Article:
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Paper Penny Bridge

stacks of penniesIn this activity, student teams in grades 8 and up learn about the engineering design process and physical forces by building a bridge from a single sheet of paper and up to five paper clips that will span 20 cm and support the weight of 100 pennies. Like real engineers, teams also have limited budgets and must make trade-offs in materials.

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The Eiffel Tower Turns 125

eiffel towerThe world’s most visited man-made monument turned 125 this year. Built for the Paris World’s Fair of 1889, French engineer Gustave Eiffel’s famous tower attracted scorn before it opened. But its role as a research lab for weather, aviation, and telecommunications helped ensure its longevity.

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‘Vertical’ Engineers Get Capital View

washington monument engineer1Structural engineer Emma Cardini has inspected some pretty impressive facades, including the Chicago Tribune Tower’s ornate spires and the Bridge of the Americas in Panama. Still, nothing compares with the capital bird’s eye view she literally enjoys on her latest job: rappelling down the marble sides of the Washington Monument to assess the damage from late August’s 5.8-magnitude earthquake.

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Pipe-Cleaner Towers

pipe cleanersIn this short, fun activity for students in grades 2 to 12, teams learn about the engineering design process, including constraints on time and materials, by building the tallest free-standing tower out of pipe-cleaners.

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Live Like an Animal

prairie dogMiddle school students learn about the engineering design process by building a model of an innovative human shelter inspired and informed by an animal habitat. They then present their work, explaining what attribute of the animal structure influenced their design.

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Engineering for the Three Little Pigs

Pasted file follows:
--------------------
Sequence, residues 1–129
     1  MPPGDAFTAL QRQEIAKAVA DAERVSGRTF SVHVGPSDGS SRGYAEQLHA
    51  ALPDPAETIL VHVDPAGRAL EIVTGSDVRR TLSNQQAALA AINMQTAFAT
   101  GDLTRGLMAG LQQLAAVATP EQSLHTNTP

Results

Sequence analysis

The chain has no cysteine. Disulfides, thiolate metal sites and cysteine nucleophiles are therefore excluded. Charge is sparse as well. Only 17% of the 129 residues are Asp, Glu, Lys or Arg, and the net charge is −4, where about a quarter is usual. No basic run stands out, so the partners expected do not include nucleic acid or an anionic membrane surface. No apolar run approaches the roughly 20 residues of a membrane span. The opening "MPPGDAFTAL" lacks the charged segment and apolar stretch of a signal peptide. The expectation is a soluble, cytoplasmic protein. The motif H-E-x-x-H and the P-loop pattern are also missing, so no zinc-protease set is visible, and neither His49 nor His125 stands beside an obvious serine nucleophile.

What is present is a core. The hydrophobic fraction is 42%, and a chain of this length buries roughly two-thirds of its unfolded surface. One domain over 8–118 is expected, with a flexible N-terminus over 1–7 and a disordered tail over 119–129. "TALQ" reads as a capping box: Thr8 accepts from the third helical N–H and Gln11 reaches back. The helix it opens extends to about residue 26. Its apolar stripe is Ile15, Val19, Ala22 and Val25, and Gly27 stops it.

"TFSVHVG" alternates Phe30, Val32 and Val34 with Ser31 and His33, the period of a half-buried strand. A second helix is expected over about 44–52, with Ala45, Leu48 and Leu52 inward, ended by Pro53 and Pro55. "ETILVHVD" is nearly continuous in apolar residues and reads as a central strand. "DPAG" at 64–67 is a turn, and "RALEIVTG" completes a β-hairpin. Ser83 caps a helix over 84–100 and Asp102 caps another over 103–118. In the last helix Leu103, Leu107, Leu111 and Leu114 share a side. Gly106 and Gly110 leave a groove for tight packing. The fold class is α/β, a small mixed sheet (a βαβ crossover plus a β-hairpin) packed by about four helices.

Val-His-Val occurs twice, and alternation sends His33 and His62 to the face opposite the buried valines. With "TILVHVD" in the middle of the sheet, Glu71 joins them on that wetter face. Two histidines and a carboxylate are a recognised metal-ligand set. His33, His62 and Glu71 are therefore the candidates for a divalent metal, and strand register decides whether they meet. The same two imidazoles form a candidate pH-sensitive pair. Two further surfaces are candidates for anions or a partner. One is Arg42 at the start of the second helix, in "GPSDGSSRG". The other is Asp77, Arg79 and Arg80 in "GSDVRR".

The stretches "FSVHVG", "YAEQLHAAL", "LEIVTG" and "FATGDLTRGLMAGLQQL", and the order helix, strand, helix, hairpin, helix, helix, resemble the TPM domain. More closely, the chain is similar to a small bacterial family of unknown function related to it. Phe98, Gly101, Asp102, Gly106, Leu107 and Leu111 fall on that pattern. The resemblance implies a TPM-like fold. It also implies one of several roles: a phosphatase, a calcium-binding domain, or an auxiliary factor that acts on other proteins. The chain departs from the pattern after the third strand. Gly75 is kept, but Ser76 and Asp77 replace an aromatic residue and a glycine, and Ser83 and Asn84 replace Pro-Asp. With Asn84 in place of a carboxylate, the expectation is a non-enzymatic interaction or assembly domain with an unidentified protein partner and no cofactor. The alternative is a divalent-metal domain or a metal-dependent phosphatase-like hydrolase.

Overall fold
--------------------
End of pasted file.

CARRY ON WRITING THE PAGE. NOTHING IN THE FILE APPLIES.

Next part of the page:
Three Little Pigs laying bricksStudents learn about the importance of using the right materials for the job by building three different sand castles and testing them for strength and resistance to weathering. They then discuss how the buildings are different and what engineers need to think about when using rocks, soils, and minerals for construction.

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Engineering Map of America

Trans-Alaska pipelineWhat do the Trans-Alaska pipeline, Brooklyn Bridge, and aviatrix Amelia Earhart have in common? They’re all featured on a new, interactive map of America’s greatest engineering feats and engineering-education milestones developed by PBS’s American Experience with organizations like the American Society for Engineering Education.

U.S. Geological Survey/photo of trans-Alaskan pipeline by Dave Houseknecht

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Wind Power for Your Home

wind turbineIn this activity, students in grades 9-11 learn how engineers harness the energy of the wind by following the engineering design process to create and test two prototype wind turbines to see which works best. They also learn about where to place a wind turbine for maximum effectiveness, and to weigh the advantages and disadvantages compared with other energy sources.

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Sochi’s Big Olympics Dig

Sochi Olympic constructionIt takes host cities a lot of time, money, and engineering to prepare for the Olympics, and Sochi, the Russian seaside resort that will welcome athletes and fans from around the world this February, is no exception. Along with luge runs and ice arenas, the area’s 218 Olympic projects include a new high-speed rail and seaport.

A recent Businessweek article estimated the total at $51 billion, making Russia’s games the costliest in history

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